Maintaining Your Hydraulic Log Splitter Maintaining Your Hydraulic Log Splitter
A hydraulic log splitter is a very robust piece of machinery that works with high hydraulic pressures. Proper maintenance will ensure prolonged safe use of the machine.
Step 1 – Read the Instructions
Your hydraulic log splitter will come with an owners hand book that will contain instructions for the maintenance of your specific machine.
Step 2 – Hydraulic Pipes
The hydraulic pressure pipes are what transfer the hydraulic fluid from the reservoir to the ram cylinder. The pressure within these pipes can be several tons per square inch, so it is important that you inspect these pipes regularly to check for wear and tear. If you suspect that a pipe is leaking do not try to discover the leak with your hands. Hydraulic fluid under pressure is quite capable of stripping the skin from your hand or a finger. Use a piece of stiff card and hold it near the suspected location of a leak. The fine spray of fluid will discolor the card.
Step 3 – Hydraulic Fluid
It is possible for hydraulic fluid to become contaminated over time by water from condensation. This will make a difference in the efficiency of the log splitter but can be so gradual that it is not noticed. Once a year check the hydraulic fluid in the reservoir for water content.
Step 4 – Hydraulic Ram
Ensure that the hydraulic ram on a used log splitter is well greased and not showing any signs of rust. A well greased ram will not rust, but if a dry patch on the ram has allowed rust to form it could damage the seal at the end of the ram housing.
Step 5 – The Gas Engine
The gas engine on a vertical log splitter needs to be maintained in the same way any gas engine does. Check the oil in the sump to ensure that the valves and crank shaft are properly lubricated. Check the points in the carburetor to ensure the engine is running at best efficiency. Remove the spark plug and check the plug gap and the condition of the electrodes.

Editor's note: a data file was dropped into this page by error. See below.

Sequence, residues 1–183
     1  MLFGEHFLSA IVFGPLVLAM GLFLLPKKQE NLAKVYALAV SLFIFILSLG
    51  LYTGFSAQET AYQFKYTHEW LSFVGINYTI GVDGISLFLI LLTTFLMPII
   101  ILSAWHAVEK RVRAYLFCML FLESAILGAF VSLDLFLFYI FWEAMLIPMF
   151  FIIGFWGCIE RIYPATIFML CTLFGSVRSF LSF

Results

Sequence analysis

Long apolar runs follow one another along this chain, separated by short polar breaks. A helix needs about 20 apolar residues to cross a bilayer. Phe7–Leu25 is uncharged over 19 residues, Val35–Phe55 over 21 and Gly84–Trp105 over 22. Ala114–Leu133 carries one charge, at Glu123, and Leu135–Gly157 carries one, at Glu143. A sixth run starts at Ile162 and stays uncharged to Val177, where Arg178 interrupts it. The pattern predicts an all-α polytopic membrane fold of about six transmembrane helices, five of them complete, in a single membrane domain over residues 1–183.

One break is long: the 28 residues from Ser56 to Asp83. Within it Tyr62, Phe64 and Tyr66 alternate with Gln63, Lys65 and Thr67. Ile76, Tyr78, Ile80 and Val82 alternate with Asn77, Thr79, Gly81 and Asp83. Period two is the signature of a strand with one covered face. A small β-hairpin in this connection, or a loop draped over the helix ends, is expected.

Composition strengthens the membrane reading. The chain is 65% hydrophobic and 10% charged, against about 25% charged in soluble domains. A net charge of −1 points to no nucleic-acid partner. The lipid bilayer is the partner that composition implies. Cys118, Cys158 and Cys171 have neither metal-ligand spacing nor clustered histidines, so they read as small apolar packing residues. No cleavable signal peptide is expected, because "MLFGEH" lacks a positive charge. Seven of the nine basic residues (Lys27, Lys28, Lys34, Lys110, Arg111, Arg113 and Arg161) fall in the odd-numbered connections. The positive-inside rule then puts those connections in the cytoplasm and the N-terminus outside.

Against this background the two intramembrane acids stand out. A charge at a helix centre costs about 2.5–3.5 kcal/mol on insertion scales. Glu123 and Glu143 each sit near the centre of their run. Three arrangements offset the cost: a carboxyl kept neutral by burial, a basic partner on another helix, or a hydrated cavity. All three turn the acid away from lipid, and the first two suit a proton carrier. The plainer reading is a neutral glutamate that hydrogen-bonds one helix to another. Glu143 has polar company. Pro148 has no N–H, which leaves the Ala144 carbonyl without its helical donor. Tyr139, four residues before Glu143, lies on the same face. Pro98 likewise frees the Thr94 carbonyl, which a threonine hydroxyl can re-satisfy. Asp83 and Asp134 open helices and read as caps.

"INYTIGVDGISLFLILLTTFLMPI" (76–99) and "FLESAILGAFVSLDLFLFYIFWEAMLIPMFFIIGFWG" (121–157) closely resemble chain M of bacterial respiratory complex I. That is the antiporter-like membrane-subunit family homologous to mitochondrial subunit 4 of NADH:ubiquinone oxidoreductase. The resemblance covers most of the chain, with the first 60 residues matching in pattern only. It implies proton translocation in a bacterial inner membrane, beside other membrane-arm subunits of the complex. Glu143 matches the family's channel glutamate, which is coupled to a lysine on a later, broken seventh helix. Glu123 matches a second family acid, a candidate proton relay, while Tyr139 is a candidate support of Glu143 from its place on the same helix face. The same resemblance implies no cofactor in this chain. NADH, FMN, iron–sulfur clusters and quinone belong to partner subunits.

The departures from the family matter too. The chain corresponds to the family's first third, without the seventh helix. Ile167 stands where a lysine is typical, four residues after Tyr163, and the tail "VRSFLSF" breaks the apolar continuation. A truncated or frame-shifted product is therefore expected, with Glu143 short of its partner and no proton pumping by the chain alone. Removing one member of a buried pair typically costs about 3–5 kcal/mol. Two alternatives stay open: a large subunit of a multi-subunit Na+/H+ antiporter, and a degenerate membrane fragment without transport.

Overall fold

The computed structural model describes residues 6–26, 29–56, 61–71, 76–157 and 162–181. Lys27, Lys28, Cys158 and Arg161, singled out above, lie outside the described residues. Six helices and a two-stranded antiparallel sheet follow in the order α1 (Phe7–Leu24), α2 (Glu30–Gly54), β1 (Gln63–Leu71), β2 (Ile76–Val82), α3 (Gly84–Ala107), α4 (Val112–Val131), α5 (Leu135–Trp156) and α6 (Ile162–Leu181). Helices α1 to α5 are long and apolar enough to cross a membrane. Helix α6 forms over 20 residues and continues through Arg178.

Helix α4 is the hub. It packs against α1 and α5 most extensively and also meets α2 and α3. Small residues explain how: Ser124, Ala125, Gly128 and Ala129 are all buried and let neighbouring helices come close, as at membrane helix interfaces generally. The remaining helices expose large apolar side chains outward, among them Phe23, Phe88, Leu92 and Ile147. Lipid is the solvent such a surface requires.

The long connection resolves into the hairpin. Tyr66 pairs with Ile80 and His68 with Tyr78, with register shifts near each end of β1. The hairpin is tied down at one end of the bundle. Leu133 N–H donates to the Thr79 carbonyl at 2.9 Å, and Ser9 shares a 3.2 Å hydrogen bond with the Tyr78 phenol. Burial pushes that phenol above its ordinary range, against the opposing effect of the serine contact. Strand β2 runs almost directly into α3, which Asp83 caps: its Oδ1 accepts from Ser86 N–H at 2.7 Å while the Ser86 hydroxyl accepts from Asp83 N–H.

Step 6 – The Pull Cord
Ensure that the cord in the pull start is not frayed. It is easier to replace this cord rather than wait for it to fail.
Step 7 – The Hydraulic Pump
The hydraulic pump is driven by the gas engine usually using a power take off (PTO) coupling. Check for any loose play in the coupling. If it is possible, check to see if there is excessive play in the central spindle of the pump. This could indicate damaged bearings and could cause the pump to fail under pressure.
Step 8 – Excessive Vibration
Run the engine of the log splitter to check for excessive vibration. Since the only places that this vibration can originate are the hydraulic pump and the engine, this could indicate a problem with one or the other.
In reality there is little to go wrong with a log splitter, but regular maintenance will prevent most major problems.